Transcript for Are Your Guns Truly Inaccessible to Your Kids?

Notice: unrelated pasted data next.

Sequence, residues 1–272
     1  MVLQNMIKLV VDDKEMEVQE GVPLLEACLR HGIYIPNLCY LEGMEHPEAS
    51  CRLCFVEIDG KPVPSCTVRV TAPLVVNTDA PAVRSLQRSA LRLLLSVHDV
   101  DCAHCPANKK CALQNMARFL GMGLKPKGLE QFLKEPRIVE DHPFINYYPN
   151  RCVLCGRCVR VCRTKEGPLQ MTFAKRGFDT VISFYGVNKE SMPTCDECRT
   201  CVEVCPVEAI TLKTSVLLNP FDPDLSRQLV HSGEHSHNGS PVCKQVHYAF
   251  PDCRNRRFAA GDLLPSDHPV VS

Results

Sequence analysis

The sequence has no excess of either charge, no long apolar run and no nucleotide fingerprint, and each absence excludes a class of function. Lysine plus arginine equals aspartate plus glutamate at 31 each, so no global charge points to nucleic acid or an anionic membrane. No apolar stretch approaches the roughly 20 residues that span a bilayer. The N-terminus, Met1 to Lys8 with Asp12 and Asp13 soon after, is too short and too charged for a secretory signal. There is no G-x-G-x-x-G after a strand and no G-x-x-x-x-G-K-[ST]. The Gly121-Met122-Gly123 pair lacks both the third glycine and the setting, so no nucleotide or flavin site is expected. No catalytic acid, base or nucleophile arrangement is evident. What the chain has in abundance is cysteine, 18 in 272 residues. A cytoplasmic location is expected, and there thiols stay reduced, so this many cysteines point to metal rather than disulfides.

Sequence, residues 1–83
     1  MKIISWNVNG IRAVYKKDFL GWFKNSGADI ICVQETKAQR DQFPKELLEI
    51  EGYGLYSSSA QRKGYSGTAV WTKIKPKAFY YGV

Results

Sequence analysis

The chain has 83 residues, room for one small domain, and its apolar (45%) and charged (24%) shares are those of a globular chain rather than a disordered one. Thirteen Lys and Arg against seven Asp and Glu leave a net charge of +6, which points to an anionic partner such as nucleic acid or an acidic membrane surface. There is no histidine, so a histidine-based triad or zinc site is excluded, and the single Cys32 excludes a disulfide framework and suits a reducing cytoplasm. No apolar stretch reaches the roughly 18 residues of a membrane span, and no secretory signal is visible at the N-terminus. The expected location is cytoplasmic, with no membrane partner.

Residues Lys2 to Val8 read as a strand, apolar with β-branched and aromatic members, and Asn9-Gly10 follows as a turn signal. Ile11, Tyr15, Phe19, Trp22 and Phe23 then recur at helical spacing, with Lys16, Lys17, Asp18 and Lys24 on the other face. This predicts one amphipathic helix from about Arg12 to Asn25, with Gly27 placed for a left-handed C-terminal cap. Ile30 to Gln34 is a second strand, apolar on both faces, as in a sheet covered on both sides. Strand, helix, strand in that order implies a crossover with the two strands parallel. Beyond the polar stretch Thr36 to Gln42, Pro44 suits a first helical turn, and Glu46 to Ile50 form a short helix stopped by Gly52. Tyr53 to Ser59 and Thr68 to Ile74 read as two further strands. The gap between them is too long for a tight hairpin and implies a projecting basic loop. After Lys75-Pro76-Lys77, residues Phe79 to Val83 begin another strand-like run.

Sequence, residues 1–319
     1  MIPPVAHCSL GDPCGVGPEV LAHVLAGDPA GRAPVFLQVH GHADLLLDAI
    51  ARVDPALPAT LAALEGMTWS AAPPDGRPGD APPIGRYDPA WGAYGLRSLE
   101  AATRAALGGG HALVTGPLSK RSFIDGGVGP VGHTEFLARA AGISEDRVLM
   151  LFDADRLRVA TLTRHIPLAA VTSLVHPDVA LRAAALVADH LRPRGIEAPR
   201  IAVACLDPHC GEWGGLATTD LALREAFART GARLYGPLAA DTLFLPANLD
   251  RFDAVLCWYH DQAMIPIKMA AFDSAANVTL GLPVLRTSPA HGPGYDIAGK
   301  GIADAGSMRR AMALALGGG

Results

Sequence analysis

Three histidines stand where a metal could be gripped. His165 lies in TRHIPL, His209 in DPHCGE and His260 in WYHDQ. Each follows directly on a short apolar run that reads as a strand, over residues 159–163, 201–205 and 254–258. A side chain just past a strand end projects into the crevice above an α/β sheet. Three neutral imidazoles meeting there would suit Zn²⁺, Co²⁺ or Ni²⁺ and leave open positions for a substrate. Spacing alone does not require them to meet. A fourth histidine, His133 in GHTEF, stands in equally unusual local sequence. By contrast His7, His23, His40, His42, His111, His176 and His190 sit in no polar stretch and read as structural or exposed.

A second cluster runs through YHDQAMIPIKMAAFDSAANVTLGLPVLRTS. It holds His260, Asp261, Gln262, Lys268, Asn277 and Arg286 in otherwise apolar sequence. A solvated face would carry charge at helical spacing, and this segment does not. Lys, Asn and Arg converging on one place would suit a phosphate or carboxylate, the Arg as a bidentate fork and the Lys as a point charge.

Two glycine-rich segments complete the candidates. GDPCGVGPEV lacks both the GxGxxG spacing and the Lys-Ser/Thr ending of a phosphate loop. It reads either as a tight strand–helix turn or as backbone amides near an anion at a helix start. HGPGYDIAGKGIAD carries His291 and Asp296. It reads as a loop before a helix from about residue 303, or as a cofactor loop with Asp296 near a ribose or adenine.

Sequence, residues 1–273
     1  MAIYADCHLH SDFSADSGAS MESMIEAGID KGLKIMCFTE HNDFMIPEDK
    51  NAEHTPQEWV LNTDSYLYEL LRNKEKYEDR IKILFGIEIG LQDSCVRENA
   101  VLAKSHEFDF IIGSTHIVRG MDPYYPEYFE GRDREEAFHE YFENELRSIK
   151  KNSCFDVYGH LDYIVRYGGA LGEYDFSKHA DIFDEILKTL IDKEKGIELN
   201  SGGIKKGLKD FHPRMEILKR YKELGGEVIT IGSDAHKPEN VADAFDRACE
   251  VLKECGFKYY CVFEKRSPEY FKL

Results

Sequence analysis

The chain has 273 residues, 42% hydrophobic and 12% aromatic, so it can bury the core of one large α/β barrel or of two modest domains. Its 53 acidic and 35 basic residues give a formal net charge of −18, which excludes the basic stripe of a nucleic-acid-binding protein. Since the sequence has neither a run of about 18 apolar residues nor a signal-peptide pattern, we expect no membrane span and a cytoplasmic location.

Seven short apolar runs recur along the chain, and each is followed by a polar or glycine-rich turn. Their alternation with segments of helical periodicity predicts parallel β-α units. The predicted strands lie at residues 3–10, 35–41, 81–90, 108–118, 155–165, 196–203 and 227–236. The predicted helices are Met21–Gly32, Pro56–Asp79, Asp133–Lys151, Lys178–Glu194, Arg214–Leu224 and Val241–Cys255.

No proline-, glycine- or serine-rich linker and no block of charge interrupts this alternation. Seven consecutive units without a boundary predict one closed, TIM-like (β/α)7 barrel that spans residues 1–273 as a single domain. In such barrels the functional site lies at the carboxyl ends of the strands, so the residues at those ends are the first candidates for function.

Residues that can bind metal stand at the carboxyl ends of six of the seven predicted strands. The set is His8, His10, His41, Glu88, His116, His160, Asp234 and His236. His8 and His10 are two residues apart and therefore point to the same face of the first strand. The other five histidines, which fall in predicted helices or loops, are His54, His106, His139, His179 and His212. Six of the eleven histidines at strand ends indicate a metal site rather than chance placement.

Ask your doctor about Nexium. We're back reporting. All across America one in three neighbors on average has guns and a lot of parents trying to hide them. I keep it in a closet far, far back, where there's no way that she could climb up and get to it, at least at this point. I do have a high-powered rifle that's all back in here. You can't even see it. Reporter: To help educate parents on ways to conceal their guns, companies run videos like theses, guns concealed behind a secret panel behind clothing in a closet, in a hollowed-out bible. And in so many houses a lot of children who think they know exactly where the guns are. We have a shelf up top and I think that's where it is. I know where all of them are in the house, I'm pretty sure. I think I probably could find it. Reporter: The NRA turned down our repeated requests for an interview but recommends that guns should be stored, unloaded, until they're ready for use and making sure that they're not accessible to a child. But, the question for individual parents tonight, what is really inaccessible? David Muir was there with Stephanie and her 4-year-old josh. She gets a surprise twice. She tells us that josh never pays attention and didn't know she had a gun in the corner of the bedroom. It was on the side. Reporter: But josh makes it clear he knew all along. It's here somewhere. How big is it? How big is mommy's gun? Is it big? Have you seen it? Reporter: In fact, he takes us right to the corner where the gun used to stand. I'm curious. Are you surprised that he knows you have a gun? Yeah. Reporter: So what happens a month later? Stephanie now sure the gun is really hidden on a top shelf in her bedroom closet. We check in. Josh once again is playing with his toy guns and, once again, his mother is wrong. Reporter: Where are your mom's guns? They're in the closet. Can you show us where the gun is? Yeah. It's up there, mom. Reporter: Josh asks for a flashlight to point out the huge pump action shotgun. It's up there. I can't reach it. Up there. Why did you move it? To keep it safe. You don't want anybody to take this gun? I don't want anyone to touch it. Reporter: Stephanie says at least the gun is unloaded. And, again, that question, do you really know what your child can do when following their curiosity. We've seen the pictures on youtube of children climbing refrigerators, impossible gymnastics to get what they want. Do you think a lot of people out there are just living in denial? Yes. Because I would have said the same thing, that would never happen to us. Reporter: Advice from deputy sheriff mark Easter. 14 years in law enforcement. Honored as officer of the year. He and his wife parents of an enchanting little boy, a 3-year-old named Michael, called "Little man." Well, it was his cool man walk, was what the word started out as, because he just, he walked into a room. He had a strut. He just, yeah, he did. He had a strut. It's just those certain people that just have that light about them, and he just, he just did. Reporter: Because policemen really do get threats, officer Easter decided to store a loaded gun on top of a five-foot dresser in the parents bedroom. It was there the whole time his girls were growing up and little Michael never came in that bedroom to play. Was almost always, I no touch a gun. I no touch a gun. Reporter: And you thought it was out of reach? Yes, absolutely. Yes. A five-foot-tall dresser. I'd always preach to him, you know, we never touch daddy's gun, do we? No, we never touch daddy's gun. Reporter: But, last March, officer Easter was five minutes out the door leaving for work, when his wife calls. The sheer terror that she was portraying I knew something horrific had happened. Reporter: His wife was just a few feet from the room where Michael never goes to play. You were right in the other room? Here I am just trying to clean up dinner, doing my, uh, check of the house, making sure the front door's locked and I didn't realize he walked right past me and had gone into our room and I come around and I heard the -- the shot. Reporter: Do you know how he got up to the top of the dresser? We don't -- they don't even know. What it looked like. And then, I guess I already know that for the few seconds he was alive afterward, I got to say good-bye to him and that I loved him, and, you know, I was the first one to hold him and I was the last. Reporter: Michael was buried in his favorite outfit -- a police uniform. He was the only 3-year-old little boy that I knew that would grab you with both hands, by your face, "Daddy, look at me, look at me," and he'd grab my face and say, "I love you." Reporter: This is the first time the easters have spoken publicly. And they say they can do it for only one reason. And we're trying to do the best that we can to honor his memory and maybe we can help somebody else to avoid this tragedy, so they don't have to go through what we do. Reporter: What is your dream the day after people see this on TV? I just urge one family to go out and buy a safe. You're -- you're basically rolling the dice with your children's life. Look.
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